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The zombies of World War Z were fast but what made them terrifying was actually more their ability to band together and I applauded the film’s unique and chilling image of a self-made zombie mountain in instinctual attempts to get over that oh so protective wall or to bring down a copter. Similarly, in The Walking Dead, the zombies are neither too slow nor do they sprint, and their similar ability to find strength in numbers and just somehow corner and overwhelm you is what is terrifying– they come out of nowhere and are everywhere and so it isn’t even their pace we should be focusing at all. Plus, it is amazing how popular the show is considering many people were wondering at first if zombies could live in a television sphere. Further, I think both slow and fast zombies should just hold different places in pop culture. Both can be effective and indicative of larger things, and both serve their purposes in the way they continue to evolve and inspire more and more films within the subgenre, like I said. I think without occasional changes, there would be no interest in zombies anymore because we will have seen it all and nothing would shock or frighten or intrigue us as fans and movie-goers. As long as they don’t change key rules, like the one about shooting them in the head for example, seeing as that would probably (definitely) manage to piss some people off.

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For instance, I haven’t seen or read Twilight, but just knowing they don’t burst into flames and explode into a pile of guts a la True Blood and rather just sparkle makes me all the more confident that I made the right decision. Some people would even disagree with me when I say that vampires don’t have to be scary sans sexy (once again, a la True Blood or even Christopher Lee) but they most certainly shouldn’t sparkle either.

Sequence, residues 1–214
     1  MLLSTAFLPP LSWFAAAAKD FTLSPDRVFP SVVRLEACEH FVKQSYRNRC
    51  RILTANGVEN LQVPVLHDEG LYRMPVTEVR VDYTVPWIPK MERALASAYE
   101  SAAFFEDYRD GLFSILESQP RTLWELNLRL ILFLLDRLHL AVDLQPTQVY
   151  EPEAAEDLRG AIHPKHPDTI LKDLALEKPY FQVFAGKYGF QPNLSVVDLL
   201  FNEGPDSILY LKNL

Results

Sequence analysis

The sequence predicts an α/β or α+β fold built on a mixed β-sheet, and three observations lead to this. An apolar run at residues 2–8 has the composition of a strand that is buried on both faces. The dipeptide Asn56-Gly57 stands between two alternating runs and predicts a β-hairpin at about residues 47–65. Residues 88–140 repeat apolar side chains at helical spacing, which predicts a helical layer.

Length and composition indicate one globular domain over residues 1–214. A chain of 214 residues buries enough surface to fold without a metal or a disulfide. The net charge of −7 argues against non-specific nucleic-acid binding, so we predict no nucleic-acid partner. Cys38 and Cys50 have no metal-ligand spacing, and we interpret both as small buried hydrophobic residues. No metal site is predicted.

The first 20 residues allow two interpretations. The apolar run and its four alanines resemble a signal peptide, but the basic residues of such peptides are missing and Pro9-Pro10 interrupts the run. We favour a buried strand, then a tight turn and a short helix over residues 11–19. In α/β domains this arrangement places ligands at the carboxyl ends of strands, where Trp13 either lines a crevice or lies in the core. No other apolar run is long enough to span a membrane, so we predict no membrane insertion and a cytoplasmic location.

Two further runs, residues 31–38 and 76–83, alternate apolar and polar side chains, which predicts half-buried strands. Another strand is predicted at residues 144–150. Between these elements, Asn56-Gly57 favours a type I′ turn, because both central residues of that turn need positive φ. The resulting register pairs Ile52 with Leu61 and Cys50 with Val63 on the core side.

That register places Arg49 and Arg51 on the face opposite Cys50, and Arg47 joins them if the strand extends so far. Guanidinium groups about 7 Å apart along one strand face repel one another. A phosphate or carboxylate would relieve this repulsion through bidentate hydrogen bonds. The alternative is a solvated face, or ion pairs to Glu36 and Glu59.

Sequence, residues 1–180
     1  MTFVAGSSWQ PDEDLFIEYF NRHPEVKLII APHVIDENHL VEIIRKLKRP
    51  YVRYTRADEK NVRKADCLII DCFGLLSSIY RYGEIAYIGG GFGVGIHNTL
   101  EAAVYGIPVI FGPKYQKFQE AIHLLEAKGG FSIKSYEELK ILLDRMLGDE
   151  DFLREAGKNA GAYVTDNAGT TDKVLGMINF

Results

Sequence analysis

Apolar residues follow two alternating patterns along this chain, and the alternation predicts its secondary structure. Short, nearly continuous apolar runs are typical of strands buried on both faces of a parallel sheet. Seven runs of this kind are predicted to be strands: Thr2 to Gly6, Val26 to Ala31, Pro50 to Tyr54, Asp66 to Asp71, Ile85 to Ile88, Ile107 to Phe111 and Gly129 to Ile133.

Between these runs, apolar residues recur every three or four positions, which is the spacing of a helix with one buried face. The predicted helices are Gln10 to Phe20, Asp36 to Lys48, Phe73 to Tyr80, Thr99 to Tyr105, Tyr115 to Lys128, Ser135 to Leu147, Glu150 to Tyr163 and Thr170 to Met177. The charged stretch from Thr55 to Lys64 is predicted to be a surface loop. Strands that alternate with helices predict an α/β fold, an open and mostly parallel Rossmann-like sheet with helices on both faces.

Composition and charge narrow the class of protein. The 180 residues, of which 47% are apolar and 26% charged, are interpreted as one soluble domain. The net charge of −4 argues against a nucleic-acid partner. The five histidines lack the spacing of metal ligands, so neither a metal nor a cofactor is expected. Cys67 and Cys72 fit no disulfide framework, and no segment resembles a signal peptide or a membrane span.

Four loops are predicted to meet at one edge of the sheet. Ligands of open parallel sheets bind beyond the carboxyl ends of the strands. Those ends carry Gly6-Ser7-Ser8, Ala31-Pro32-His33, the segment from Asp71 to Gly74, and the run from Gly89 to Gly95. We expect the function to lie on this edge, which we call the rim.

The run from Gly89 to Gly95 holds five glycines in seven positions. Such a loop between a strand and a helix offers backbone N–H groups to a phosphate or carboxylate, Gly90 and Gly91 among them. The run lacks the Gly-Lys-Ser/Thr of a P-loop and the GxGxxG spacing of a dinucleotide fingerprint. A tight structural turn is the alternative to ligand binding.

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Now, I’ve rambled about zombies but I just want to conclude with another monster who is misunderstood, both within the context of his source material and in his interpretations across mediums for years to come: Frankenstein(‘s monster). With Aaron Eckhart playing the not-title role (FRANKENSTEIN WAS THE DOCTOR, PEOPLE) in 2014’s I, Frankenstein, looking buff and only moderately stitched together in the early photos I’ve seen, I can’t help but feel fatigued over the countless adaptations that get things so “wrong”. I’m not saying Boris Karloff’s monster was accurate, but he is our visual marker and classic Hollywood icon for the character. Sure, a lot from the book was changed in James Whale’s 1931 version. And I’m used to that by now; the novel would probably make an atrociously boring film if adapted perfectly. From what I’ve read in fall movie previews, at the very least Eckart is allegedly going to be portraying a more articulate and eloquent creature like the intellectual self-taught softy he is in the original 1818 Shelley text, so that makes me happy, plus it is based on a graphic novel so I suppose I can’t be that upset? But do I really want to see a film where “Frankenstein’s creature finds himself caught in an all-out, centuries old war between two immortal clans?” (quoted from IMDB.com) Because until I see a trailer, I’m leaning towards a cynical and critical NO. I definitely don’t need another Underworld-esque series out there. Too much sleek and stylized black-and-blue action in future-goth pleather for my personal taste. Let’s hope this isn’t that, at the very least.

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Then again, who knows, just like zombies of all shapes, sizes, and speeds, maybe even Frankensteins and vampires should be able to change a bit (or a lot?) here and there, in tone and look and even in terms of rules which we all know and assume are fixed. At the end of the day, these things are fictional, and meant to be creative and entertaining exercises or starting points, and therefore creative liberties will always be taken. Whether the public feels the changes were refreshing, bold, interesting and even necessary might depend on a lot of factors, because sometimes when too much is changed or something classic is being messed with, then hardcore fans might feel a little offended. I’m not one to say whether we should embrace all changes or whether we are too sensitive to changes, but I think ultimately, experimentation in our genre films and television can be a good thing, or at least an inevitable thing, and the best we can do is understand that before we judge whether something is innovative or sacrilegious, and consider that any addition to our horror and fantasy creature canons has its own function and place there as such. In terms of revisions to these things, the good, the bad, and the ugly are all valid and worthy of coexistence. Even if that does necessitate that we include Twilight.